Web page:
The dramatic conflicts between Galileo and the Roman Inquisition and between Darwin and his biblicist opponents have understandably dominated the perception of the relation between science and religion in the popular imagination. But this perception is distorted because it neglects the indispensable role that religious beliefs played in the Western approach to nature that led to the rise of modern science. On the other hand, emphasis on the integration of scientific and religious beliefs has often led to facile syntheses, provoking reactions that emphasize the separation of science and religion. Even if this separation were philosophically sound, it provides little basis for understanding the historical interaction, often constructive on both sides, between science and religion.
On the relation of science to the Bible, the diversity of views and interpretations is vast, but representatives can usefully serve to indicate the variety of types of reactions found in the Judeo‐Christian tradition. In De Doctrina Christiana (DDC) and De Genesi ad Litteram (DGL), Augustine (354–430 CE) makes clear the relative insignificance of specialized sciences as compared with understanding scripture, yet Augustine does not suggest that all knowledge can be found in scripture. In DDC, Augustine provides general rules for the interpretation of ambiguous terms. It is a mistake to read figurative signs literally (a rule that covers anthropomorphisms) and literal signs figuratively. The method of determining whether a particular expression is literal or figurative is that an expression that does not literally pertain to virtuous behavior or to the truth of faith must be taken figuratively. If the meaning of an expression is absurd when taken verbally, then we must examine its figurative possibilities. It follows from these guidelines that the believer should not read the Bible to learn facts about the natural world unrelated to salvation. In DGL, however, Augustine seems to require the certain truth of a new claim about nature in order to revise the apparently plain meaning of the biblical text, but even in DGL Augustine reiterates the principle that God did not wish to teach men and women things of no relevance to their salvation. It was clear to Augustine that secular knowledge was indispensable for the correct interpretation of scripture. Although not a license for the autonomy of science, the principle in Augustine's approval of secular disciplines was expanded by later authors into arguments legitimating knowledge of the natural universe as another way of honoring God. Such authors, like William of Conches (1080–1154), presumably did not foresee the developments that would contribute to the autonomy of the sciences, but they were confident that natural science would still perform its proper role when rightly interpreted.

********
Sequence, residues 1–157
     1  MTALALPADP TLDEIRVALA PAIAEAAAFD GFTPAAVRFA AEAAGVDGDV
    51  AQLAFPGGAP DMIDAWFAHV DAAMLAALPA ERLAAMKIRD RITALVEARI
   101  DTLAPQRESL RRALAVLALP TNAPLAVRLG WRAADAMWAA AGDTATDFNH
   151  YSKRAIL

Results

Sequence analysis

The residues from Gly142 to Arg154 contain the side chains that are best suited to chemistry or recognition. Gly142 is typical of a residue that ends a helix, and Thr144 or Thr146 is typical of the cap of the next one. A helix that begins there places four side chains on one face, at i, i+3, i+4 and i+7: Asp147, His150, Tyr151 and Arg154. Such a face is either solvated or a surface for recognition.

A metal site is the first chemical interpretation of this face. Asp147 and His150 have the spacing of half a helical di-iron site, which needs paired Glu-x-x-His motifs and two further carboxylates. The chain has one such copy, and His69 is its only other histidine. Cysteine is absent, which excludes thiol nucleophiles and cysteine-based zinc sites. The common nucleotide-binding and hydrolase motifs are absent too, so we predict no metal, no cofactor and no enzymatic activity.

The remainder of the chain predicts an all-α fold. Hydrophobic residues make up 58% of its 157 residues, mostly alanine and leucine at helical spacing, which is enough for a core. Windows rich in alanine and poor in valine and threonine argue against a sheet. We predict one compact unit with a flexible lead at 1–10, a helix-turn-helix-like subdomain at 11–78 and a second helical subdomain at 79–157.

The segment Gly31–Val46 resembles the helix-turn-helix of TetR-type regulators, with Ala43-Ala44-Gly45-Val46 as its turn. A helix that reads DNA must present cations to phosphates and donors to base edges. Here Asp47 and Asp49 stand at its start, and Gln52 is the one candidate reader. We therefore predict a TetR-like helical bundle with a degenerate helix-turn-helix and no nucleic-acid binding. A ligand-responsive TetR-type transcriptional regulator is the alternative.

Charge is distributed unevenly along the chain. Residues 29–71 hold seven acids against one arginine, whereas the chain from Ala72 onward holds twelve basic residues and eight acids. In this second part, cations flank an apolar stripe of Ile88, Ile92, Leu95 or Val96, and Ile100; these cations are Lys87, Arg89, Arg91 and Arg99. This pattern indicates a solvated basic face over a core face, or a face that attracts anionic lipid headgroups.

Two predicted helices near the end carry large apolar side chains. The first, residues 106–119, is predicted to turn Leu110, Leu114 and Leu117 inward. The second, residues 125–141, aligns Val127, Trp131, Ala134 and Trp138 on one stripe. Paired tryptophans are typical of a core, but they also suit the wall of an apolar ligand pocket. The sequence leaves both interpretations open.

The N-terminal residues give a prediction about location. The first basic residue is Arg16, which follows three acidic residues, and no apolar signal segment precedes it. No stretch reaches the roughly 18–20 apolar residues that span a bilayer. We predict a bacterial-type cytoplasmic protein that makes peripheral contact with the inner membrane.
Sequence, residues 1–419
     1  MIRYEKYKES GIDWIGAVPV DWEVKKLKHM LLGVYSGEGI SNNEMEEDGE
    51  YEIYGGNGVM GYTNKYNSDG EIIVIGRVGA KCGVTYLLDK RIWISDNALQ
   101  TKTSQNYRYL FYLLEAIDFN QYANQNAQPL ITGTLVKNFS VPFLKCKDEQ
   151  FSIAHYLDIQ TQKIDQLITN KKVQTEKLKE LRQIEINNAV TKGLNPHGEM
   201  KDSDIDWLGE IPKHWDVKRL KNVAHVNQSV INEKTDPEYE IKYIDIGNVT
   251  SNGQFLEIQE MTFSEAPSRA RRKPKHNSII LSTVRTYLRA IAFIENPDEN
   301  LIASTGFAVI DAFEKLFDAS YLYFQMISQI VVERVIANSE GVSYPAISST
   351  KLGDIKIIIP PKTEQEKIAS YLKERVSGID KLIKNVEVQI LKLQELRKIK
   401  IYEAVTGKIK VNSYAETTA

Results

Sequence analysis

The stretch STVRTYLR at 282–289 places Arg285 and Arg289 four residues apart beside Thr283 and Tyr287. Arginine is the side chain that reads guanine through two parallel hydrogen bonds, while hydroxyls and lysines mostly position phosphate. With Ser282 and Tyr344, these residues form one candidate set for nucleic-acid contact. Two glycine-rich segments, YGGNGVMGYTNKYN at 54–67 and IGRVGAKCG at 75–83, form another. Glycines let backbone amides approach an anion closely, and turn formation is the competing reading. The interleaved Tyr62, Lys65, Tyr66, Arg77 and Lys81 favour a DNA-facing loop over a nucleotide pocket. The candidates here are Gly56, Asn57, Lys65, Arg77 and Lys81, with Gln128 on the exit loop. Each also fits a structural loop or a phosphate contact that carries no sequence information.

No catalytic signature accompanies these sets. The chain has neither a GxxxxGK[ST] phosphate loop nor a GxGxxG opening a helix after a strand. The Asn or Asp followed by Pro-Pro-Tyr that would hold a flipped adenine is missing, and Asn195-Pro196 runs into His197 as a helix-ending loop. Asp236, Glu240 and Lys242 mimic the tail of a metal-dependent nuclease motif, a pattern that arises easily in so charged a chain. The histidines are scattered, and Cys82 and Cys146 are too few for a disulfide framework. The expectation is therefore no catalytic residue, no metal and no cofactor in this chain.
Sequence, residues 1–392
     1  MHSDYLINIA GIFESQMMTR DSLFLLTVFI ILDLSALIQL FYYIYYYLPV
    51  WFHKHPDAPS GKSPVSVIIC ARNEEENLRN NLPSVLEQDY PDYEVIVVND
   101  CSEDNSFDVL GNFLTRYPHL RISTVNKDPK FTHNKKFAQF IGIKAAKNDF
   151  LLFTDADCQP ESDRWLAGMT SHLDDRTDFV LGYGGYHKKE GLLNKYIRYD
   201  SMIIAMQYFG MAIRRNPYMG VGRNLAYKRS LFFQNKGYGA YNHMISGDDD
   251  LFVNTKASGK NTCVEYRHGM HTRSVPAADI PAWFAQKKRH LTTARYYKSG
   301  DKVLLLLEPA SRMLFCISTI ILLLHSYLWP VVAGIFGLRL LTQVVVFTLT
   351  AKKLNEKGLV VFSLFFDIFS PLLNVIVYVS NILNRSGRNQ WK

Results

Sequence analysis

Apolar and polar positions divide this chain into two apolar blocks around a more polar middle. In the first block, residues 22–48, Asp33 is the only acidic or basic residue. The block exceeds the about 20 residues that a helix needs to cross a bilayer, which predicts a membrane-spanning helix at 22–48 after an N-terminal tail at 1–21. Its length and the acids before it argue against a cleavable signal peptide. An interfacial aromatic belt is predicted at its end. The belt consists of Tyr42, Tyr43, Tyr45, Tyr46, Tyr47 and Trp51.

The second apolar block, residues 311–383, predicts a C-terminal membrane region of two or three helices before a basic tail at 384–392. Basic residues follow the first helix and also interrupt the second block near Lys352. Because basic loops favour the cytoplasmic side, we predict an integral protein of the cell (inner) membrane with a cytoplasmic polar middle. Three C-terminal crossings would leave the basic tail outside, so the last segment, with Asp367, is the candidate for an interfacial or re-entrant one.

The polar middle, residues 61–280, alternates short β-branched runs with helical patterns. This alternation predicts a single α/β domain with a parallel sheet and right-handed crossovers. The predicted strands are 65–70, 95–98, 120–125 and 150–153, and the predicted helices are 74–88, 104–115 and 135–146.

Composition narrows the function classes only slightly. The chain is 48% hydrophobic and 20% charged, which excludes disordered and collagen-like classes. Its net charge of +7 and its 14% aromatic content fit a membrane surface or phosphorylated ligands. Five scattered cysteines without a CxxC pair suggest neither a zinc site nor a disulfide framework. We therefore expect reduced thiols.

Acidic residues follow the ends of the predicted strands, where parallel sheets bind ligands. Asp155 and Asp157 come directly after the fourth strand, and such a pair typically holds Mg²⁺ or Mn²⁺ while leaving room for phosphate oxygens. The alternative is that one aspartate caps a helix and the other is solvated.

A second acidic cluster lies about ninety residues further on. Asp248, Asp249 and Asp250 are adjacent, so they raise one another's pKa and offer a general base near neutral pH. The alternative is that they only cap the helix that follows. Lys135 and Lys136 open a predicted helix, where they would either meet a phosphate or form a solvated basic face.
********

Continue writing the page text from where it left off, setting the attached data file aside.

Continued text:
The revival of Aristotle in the medieval Latin West prompted scholars like Thomas Aquinas (1225–1274) to construe theology by analogy with Aristotelian science. Even so, in the context of medieval society, the definitive resolution of anomalies in the understanding of the cosmos was impossible and hence generated a resignation to the limitations of human knowledge. Nicholas Oresme (1320–1382) took seriously the hypothesis of the diurnal rotation of the earth but rejected it because no confirmation seemed possible; he fell back on the Bible in this case as providing persuasive confirmation of the greater probability of the geocentric view.